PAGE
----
Coupled with reverts, revert manuals, and grind switches, the player’s repertoire feels expansive and fun while remaining cohesive to a pure skateboarding experience. Roll7 gives players enough tools to feel like a 2D skating badass. While these extra moves would be enough to justify a second game, there are some nice touches which further amplify overall enjoyment. Players now have the ability to see what tricks and grinds they have landed in the game’s comprehensive “tricktionary” rather than left to guess. The bottom of the score also shows a more detailed combo meter giving players an idea of what their score will be if they get a perfect landing.
While the additional feedback is appreciated, there are a few small gripes that limit its full potential. Because high scores and leaderboards are such a crucial part to OlliOlli 2’s design, it’s a surprise there isn’t a way to watch your own ghost or the performance of the top players on the leaderboard. As more and more people play the game, it makes sense to watch how top performers rack up those millions of points. Since the bite-sized challenges of spots and daily spots return, why not let other players practice by learning from the best?
Lights, Camera, Action
Welcome to Olliwood represents a developer fully confident in its core concepts and improving on them. The pixel art from the first was a great touch but the cleaner visuals of the sequel show finesse. As much as I would still enjoy at least one or two other skaters to choose from, the new art style makes the various tricks shine even brighter. The difference in a heelflip and a bigspin are even more obvious now and to nail that kind of detail on such a tiny character is impressive.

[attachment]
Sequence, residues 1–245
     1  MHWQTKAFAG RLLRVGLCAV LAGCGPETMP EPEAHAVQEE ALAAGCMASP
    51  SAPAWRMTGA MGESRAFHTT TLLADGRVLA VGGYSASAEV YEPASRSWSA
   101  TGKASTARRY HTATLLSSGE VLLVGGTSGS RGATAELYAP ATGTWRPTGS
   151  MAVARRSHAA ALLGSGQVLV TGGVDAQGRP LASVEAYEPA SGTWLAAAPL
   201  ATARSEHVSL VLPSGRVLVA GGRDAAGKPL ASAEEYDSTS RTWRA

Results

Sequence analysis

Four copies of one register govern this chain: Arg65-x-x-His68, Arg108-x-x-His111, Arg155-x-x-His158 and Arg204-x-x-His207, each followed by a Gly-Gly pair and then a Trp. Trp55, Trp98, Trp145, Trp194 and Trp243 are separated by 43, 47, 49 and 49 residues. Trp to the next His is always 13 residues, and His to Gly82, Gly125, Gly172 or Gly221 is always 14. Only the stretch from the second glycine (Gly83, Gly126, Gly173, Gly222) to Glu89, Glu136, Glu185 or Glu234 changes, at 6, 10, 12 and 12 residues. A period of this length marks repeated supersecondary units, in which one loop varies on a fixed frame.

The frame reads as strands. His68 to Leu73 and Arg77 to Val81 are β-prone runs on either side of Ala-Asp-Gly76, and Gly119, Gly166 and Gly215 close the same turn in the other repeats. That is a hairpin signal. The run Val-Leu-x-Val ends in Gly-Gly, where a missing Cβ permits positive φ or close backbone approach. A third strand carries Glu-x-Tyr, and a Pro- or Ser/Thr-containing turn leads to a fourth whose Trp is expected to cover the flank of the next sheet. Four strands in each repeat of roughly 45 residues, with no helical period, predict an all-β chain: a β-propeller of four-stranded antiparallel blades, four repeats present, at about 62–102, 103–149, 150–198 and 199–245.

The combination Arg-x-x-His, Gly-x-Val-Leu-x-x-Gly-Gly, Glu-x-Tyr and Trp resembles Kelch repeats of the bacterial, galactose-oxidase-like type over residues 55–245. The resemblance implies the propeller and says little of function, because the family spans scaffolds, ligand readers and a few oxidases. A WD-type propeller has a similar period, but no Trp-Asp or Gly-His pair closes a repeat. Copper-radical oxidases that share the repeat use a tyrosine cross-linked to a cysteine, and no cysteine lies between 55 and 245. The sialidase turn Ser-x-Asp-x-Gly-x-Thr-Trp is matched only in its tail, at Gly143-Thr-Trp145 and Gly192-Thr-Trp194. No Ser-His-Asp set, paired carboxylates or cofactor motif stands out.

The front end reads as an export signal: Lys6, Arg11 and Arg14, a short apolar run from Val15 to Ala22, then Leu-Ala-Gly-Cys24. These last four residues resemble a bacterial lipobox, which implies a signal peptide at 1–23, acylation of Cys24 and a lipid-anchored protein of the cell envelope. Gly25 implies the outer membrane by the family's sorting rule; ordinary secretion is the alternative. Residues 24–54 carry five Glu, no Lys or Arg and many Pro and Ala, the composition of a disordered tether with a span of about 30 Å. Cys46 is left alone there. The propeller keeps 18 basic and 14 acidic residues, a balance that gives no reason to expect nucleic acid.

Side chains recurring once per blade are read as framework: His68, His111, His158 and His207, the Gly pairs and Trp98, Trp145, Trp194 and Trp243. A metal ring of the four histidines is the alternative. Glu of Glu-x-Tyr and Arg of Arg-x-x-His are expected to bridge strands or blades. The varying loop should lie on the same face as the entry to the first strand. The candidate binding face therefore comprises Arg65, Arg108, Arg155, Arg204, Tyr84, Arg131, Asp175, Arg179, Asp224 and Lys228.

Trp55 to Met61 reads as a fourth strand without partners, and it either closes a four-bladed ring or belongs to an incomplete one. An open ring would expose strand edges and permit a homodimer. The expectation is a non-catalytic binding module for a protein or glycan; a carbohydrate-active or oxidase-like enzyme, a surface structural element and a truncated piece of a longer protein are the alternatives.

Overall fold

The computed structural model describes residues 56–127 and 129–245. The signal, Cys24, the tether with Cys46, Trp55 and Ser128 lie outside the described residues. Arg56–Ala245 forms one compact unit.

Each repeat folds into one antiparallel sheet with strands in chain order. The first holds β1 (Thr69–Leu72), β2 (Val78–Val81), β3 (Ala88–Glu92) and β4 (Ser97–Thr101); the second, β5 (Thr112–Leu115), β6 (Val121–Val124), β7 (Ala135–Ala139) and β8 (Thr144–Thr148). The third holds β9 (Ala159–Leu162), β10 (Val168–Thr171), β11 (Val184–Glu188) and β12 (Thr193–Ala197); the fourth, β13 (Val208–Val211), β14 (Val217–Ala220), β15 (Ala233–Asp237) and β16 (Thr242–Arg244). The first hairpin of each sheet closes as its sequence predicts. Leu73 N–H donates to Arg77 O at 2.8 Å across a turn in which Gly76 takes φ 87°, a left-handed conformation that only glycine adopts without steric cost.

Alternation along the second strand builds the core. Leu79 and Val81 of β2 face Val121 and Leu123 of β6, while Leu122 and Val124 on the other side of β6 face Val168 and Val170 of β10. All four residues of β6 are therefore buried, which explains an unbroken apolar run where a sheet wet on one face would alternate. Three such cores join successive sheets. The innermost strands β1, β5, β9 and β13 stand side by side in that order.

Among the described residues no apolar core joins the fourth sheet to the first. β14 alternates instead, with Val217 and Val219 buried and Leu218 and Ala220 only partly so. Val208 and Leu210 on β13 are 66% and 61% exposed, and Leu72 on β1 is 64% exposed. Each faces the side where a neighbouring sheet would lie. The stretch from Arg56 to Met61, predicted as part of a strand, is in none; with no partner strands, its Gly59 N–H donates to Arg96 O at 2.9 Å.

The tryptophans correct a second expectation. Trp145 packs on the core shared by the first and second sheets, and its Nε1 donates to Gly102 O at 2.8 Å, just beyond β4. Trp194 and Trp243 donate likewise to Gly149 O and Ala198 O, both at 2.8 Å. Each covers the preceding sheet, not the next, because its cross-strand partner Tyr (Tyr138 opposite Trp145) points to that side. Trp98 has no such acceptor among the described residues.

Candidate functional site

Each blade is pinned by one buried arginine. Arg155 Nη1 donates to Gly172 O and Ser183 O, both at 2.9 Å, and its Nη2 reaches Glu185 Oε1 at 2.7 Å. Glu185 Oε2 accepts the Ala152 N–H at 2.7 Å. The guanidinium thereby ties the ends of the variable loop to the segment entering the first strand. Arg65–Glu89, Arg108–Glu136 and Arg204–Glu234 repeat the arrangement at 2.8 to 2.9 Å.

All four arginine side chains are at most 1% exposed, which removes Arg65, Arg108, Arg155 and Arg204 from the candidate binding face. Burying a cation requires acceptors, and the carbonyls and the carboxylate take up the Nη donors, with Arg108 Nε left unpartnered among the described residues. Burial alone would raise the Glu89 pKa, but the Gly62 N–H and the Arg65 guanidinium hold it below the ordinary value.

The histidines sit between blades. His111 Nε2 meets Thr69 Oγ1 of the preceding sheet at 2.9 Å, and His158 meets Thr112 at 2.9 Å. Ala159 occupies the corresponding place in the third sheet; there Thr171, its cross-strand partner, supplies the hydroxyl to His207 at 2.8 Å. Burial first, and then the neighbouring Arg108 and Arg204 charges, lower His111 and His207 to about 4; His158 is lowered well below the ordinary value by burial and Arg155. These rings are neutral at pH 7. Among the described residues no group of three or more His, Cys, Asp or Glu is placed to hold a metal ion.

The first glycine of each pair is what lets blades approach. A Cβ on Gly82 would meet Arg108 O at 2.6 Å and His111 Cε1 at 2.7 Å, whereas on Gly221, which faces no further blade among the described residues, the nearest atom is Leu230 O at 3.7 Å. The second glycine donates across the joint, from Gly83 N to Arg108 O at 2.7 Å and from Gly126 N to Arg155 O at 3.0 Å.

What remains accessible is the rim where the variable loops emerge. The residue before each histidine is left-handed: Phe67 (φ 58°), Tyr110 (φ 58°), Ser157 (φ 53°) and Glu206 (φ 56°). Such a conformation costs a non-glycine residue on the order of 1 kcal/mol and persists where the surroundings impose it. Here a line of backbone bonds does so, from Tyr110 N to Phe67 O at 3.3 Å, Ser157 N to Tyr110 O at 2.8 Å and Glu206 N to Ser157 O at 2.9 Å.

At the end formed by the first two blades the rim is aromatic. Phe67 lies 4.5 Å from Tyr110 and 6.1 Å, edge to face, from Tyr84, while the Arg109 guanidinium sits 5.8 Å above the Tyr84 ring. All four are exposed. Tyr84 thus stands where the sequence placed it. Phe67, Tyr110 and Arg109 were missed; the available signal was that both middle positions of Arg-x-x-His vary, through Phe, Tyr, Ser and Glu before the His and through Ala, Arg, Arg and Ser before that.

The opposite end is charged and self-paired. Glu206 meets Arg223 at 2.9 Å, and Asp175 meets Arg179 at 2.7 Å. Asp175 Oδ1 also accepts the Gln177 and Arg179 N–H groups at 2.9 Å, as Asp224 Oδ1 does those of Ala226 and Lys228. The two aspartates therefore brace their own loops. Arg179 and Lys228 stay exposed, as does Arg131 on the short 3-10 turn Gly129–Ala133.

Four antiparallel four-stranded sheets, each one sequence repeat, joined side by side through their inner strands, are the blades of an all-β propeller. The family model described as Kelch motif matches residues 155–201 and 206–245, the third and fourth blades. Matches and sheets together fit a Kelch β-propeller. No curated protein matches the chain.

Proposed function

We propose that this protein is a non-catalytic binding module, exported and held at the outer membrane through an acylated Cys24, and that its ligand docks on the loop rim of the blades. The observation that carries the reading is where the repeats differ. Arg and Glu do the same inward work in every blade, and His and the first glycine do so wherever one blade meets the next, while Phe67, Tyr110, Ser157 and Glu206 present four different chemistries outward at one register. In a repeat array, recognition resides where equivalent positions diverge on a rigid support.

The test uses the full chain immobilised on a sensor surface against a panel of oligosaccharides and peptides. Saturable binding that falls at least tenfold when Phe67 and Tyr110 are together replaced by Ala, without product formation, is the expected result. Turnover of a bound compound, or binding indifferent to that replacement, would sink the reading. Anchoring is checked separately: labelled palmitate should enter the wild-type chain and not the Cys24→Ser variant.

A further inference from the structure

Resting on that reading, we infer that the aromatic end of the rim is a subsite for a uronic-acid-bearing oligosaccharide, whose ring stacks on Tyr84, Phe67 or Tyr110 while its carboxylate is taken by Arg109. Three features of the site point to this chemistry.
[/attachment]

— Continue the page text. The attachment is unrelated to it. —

Challenges are scattered throughout levels and show off how Roll7 expanded OlliOlli’s gameplay past one set track. Not only do later levels and their pro counterparts test every skill players have, it begs for more practice and experimentation with score grinding. OlliOlli 2 asks you to get better rather than forcing you to. It makes me wonder what kind of hellish tracks players could create if there was a level editor.
Unlike many Hollywood sequels that build off a promising first entry, OlliOlli 2: Welcome to Olliwood feels new enough while taking care to maintain the spirit of the original. This isn’t a sequel with just a fresh coat of paint, it’s the essential step in making a great formula unforgettable. There are plenty of new worlds and concepts Roll7 could deliver to players but aside from a ghost feature and possibly a way to let players make their own tracks, little is missing here. Anyone looking for a challenge or a game that gets better as your own skills improve won’t be let down by OlliOlli 2.
tags: OlliOlli , OlliOlli 2 , OlliOlli 2 Review , OlliOlli2: Welcome to Olliwood , ps4 , Roll7